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A New Year's Gift

Dec. 31, 2012 12:00 a.m. |

Even though conservatives and Republicans may be upset at the results of the recent banana republic presidential elections (yes, folks - the number of votes in several precincts in Pennsylvania and Ohio outnumbered the residents living in said districts- and many areas went 100% for Obama (unheard of in an honest election).  In addition, the "same day registration" and early voting allowed the cheaters to vote early and vote often.  Here in Wisconsin we witnessed yet again chaos at many polling places (especially in Milwaukee and Racine), with bussed-in voters showing up to overwhelm poll workers, who had no chance of actually challenging whether or not many were voting in their own district - or state, for that matter.  Banana republic? - you bet.  Let's get Voter ID back and ensure honest elections!) - don't lose hope.

Now, for the New Years Gift.  Look at the map above.  From the New York Times.  The red areas went for Romney, the blue for Obama.  (Actually, in the future I would suggest using red  to designate the Dems, since they embrace  socialism/communism.  It would be more appropriate to use "red" ala Mao's little red book and the color of the communist flag of China, to refer to them.)

So in viewing the map, realize that all hope for saving our country is not lost.  Most of the U.S. is NOT in the tank for Obama, despite how the media wishes to portray the political landscape.  Remember, this past election only saw Barry Hussein Obama win by a very small (3.9%) percentage of the popular vote.  Obama won 26 states plus D.C.  Romney won 24 states.  Mandate?  No way. 

At least half the country (and I would venture to say more than half, since approximately 3 million Republicans chose to sit out this past election) wants nothing to do with Obama and his socialist agenda.  That bodes well for the future.  So despair not.  Even though we are in for a rough ride these next four years - with a president who couldn't give a darn about the economy, unemployment, national security, the American dream, or other issues that presidents usually do care about - we will endure.  Hopefully the House and the individual states will block most of the socialist wishes of the Dear Leader.  Four years.  Four long years.  Four long years with an anti-American leader intent at destroying the foundation of the country.  Scary times are ahead, but we will weather the storm.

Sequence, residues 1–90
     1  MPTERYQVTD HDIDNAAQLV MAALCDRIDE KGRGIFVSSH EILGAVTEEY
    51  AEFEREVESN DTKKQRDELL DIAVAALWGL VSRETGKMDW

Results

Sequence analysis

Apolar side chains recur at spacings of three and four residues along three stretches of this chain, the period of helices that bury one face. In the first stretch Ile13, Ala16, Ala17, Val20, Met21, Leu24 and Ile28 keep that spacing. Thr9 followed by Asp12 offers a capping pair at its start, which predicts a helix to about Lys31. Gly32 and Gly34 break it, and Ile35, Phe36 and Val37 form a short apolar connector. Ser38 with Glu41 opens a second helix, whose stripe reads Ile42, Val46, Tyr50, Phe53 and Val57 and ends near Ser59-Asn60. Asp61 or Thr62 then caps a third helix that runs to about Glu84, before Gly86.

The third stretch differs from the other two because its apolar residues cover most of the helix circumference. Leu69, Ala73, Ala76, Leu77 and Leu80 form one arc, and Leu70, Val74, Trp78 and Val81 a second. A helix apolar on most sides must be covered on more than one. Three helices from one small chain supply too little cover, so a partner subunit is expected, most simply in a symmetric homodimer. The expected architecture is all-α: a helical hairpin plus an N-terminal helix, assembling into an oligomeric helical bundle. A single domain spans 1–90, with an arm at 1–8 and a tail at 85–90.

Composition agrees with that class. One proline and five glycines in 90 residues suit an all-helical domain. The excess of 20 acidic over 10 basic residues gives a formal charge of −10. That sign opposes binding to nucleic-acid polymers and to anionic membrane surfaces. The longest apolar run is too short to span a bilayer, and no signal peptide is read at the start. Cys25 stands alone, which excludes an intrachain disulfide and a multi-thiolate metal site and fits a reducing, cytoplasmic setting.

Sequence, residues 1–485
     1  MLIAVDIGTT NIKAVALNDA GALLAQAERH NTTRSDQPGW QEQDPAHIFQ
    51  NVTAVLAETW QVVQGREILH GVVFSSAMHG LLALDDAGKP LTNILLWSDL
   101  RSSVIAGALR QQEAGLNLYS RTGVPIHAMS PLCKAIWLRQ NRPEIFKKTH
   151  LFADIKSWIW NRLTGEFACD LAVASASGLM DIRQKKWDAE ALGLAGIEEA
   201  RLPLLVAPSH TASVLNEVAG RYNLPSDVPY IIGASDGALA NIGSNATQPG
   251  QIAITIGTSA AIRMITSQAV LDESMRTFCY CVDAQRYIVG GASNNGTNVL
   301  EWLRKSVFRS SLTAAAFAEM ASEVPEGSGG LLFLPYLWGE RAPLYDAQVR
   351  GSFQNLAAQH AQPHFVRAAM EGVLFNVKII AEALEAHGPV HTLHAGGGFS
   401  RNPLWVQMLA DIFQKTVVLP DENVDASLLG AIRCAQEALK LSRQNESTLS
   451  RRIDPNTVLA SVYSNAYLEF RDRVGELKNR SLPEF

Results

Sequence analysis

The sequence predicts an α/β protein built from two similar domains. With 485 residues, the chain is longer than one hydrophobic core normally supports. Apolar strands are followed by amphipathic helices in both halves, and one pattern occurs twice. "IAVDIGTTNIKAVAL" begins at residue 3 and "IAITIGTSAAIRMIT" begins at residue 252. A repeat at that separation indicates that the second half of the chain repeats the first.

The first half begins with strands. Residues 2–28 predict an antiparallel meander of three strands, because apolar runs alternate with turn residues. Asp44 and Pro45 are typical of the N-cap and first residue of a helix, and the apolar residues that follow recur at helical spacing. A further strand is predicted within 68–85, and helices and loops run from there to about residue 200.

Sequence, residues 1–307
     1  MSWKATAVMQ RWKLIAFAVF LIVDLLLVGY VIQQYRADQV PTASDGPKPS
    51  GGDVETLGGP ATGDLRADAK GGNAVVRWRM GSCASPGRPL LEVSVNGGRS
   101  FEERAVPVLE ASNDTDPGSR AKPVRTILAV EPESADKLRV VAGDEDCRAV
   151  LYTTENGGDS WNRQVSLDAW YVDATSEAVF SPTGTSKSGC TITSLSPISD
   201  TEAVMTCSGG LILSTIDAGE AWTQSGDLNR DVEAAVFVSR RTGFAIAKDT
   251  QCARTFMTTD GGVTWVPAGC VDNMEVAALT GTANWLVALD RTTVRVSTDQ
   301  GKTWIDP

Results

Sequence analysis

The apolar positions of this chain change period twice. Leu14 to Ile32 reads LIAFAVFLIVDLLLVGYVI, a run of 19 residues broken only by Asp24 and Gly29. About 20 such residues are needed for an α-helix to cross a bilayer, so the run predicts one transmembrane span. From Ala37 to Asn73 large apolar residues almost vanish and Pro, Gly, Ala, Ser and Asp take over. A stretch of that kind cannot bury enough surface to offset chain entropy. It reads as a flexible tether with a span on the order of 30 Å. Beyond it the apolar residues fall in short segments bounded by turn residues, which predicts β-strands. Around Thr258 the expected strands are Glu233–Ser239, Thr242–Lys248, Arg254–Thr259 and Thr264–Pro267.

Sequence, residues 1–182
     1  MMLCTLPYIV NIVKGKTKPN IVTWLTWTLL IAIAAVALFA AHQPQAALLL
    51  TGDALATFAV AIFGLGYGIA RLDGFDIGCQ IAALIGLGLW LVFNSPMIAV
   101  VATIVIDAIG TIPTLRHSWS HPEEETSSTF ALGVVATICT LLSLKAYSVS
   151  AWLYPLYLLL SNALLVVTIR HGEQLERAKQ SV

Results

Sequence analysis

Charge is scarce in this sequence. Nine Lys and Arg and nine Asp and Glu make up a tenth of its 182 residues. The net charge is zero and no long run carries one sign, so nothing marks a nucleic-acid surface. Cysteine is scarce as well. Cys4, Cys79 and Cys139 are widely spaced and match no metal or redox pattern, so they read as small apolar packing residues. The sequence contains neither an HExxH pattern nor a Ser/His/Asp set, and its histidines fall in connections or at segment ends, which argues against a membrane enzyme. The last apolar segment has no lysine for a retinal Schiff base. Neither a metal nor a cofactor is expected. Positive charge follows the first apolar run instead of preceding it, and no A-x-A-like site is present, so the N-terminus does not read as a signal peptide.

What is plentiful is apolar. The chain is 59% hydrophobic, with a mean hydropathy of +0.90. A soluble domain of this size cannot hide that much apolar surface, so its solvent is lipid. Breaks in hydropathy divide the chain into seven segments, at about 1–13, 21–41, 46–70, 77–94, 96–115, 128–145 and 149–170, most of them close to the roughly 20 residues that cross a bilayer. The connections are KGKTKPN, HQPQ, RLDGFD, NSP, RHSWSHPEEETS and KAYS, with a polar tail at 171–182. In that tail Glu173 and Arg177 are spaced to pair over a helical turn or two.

» Read Full Article

What's next...regulating the Hemingway cats?!?

Dec. 28, 2012 4:20 p.m. | Having visited the Floriday Keys earlier this year, a recent story in the Milwaukee Journal/Sentinel got my attention.  The story, written by Lizette Alverez of the New York Times, was called:   "Hemingway house in legal cat fight - Museum's 45 six-toed felines are subject to federal regulations."   For those who may not know,  famed author Ernest Hemingway lived in Key West for several years.  He penned "For Whom The Bell Tolls" and "The Snows of Kilimanjaro" while living at his estate.  Hemingway committed suicide in 1961.  The beautiful house and lush tropical grounds were purchased after Hemingways death by  Bernice Dixon, who later turned the property into a museum.  The house, the biggest toursit attraction in Key West,  averages 250,000 visitors per year.  Michael Marowski, the great-nephew of Bernice Dixon, is currently the chief executive of the Hemingway home and museum.  

Aside from being designated a National Landmark,  the Hemingway property is home to many cats (approximately 40 to 45 at last count).  Most of them are the "polydactal" variety, meaning they have an extra toe (or claw) on their paws.  (Our family became familiar with the term when we adopted a kitten 8 years ago.  He, too, is a polydactal.  He has big feet that look similar to oven mitts, and the extra toe on each of his front paws is very noticeable - and part of his charm.)  The cats are rumored to be descendants of Hemingway's cat, Snowball, and are said to provide a true "link to the past."

Anyhow, while in the Keys we toured the Hemingway site.  We were treated to seeing many of the cats.  They are, to be blunt, very well-fed, lazy, and have the run of the household.  Visitors are told to refrain from petting them and instructed not to pick them up, and for the most part they are left alone, only to be featured in many pictures taken by  the tourists.  The cats are well-taken care of, with weekly vet visits and most are spayed or neutered.  They really live the good life!

The cats have their own apartment complex, aside from having the run of the main house and grounds.

» Read Full Article

Visitation and gathering Saturday for Pewaukee's Dick Olson